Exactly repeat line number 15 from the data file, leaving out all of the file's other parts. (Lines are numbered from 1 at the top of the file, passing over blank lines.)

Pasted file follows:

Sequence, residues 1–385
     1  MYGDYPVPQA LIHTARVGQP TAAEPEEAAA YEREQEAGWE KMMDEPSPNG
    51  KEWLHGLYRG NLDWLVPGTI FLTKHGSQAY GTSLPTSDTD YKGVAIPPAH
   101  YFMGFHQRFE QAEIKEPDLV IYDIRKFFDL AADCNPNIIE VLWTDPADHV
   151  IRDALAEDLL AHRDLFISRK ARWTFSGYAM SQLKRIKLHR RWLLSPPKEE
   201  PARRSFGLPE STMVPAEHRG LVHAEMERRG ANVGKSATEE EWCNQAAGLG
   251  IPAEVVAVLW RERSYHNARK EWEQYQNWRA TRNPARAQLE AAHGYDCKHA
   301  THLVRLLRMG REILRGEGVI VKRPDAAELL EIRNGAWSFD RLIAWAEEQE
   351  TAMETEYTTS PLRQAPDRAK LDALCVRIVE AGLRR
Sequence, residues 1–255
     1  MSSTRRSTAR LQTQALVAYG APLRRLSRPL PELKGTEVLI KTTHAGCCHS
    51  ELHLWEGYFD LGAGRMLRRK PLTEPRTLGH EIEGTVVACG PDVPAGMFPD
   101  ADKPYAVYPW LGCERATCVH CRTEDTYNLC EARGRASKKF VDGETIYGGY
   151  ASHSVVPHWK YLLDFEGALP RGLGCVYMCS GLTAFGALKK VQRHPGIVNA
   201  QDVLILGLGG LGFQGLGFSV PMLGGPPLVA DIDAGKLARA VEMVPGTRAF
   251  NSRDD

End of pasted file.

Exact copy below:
   201  QDVLILGLGG LGFQGLGFSV PMLGGPPLVA DIDAGKLARA VEMVPGTRAF